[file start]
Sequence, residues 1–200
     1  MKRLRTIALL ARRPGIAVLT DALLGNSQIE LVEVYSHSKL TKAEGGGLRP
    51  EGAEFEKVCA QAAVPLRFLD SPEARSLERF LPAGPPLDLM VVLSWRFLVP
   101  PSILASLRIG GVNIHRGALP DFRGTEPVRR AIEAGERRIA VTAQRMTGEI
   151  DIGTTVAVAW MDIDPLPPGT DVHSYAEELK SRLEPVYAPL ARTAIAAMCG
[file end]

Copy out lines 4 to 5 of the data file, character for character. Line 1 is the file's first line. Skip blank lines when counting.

   101  PSILASLRIG GVNIHRGALP DFRGTEPVRR AIEAGERRIA VTAQRMTGEI
   151  DIGTTVAVAW MDIDPLPPGT DVHSYAEELK SRLEPVYAPL ARTAIAAMCG